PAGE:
The two cases are related by a Galilean transformation (choice of uniformly moving reference frame). Consistency is assured by the fact that, for any isolated system (like the rocket+propellant), the change in total kinetic energy between one time and another is Galilean invariant (the same in any uniformly moving reference frame).

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There are multiple ways to view this.

The easiest, I think, is that kinetic energy scales with the square of velocity $$K=\frac 12 m v^2$$

If we assume that the rocket booster supplies a constant acceleration, then comparing initial and final velocities we find that $$\Delta v=v_\text{final}-v_\text{init}=at$$

So for the same amount of time, the change in the velocity is the same, regardless of what the starting velocity actually is. Since we have a squared dependence on the velocity in $K$, this means that the kinetic energy increases more if we started out with a larger velocitiy. i.e. $$\Delta K=\frac 12 m v_\text{final}^2-\frac 12 m v_\text{init}^2=\frac 12 m (v_\text{final}-v_\text{init})(v_\text{final}+v_\text{init})=\frac 12 m\, \Delta v (\Delta v+2v_\text{init})$$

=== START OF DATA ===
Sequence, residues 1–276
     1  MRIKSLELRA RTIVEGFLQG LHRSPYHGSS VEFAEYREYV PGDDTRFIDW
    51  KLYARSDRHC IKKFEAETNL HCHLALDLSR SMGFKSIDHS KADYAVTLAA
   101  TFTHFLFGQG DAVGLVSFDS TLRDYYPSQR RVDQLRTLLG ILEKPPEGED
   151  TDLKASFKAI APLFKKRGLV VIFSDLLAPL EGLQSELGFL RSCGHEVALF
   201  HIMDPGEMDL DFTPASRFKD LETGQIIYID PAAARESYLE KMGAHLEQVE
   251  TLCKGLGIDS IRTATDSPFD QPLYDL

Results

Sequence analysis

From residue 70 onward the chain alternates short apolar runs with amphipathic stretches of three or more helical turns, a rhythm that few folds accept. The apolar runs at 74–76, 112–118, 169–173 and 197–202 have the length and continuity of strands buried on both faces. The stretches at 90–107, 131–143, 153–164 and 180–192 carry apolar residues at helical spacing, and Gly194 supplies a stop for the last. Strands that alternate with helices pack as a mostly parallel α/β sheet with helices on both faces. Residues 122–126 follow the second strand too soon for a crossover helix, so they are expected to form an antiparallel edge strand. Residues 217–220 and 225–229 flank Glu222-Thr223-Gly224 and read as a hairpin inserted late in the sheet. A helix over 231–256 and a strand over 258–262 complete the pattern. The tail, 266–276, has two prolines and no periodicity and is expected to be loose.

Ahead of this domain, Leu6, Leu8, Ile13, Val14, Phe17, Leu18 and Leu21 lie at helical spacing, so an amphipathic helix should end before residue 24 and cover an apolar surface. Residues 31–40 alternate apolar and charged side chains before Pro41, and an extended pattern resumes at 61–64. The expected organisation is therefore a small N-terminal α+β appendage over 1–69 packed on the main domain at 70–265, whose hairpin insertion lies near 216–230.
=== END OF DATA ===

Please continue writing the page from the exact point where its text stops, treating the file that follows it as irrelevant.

So as we can see, the sum of the velocities in the expression for $\Delta K$ is what contributes to a larger change in kinetic energy. Since the work done is equal to the change in kinetic energy, it must be that the rocket does more work when we start off at a larger velocity.

The second way to view this, which you could argue is the same as the first, is to look at the definition of work $$W=\int\vec F \cdot \mathrm d\vec x$$

Or in one dimension with a constant force $$W=F\,\Delta x$$

Now, once again assuming a constant acceleration, we know that $$\Delta x = \frac 12 a t^2 + v_\text{init}t$$

So that the work done is $$W=F\left(\frac 12 a t^2 + v_\text{init}t\right)$$

Once again, we see that the initial velocity determines the work. A qualitative explanation from this is that when the velocity is larger, then the object covers more distance in the same amount of time. So if we look at the time the force is being applied, the faster it is moving the larger distance the force is applied over. Therefore, we get more work done if the object is initially moving faster.

The supposed issue behind all of this is that is seems like we are getting more energy from applying the same force for the same amount of time. But if you work through it you find that this is no issue at all. This is even true for objects falling near the Earth's surface. Even though the force is constant, gravity does more and more work on the object while it falls. Or in other words, the rate of energy conversion from potential to kinetic energy increases as the object falls.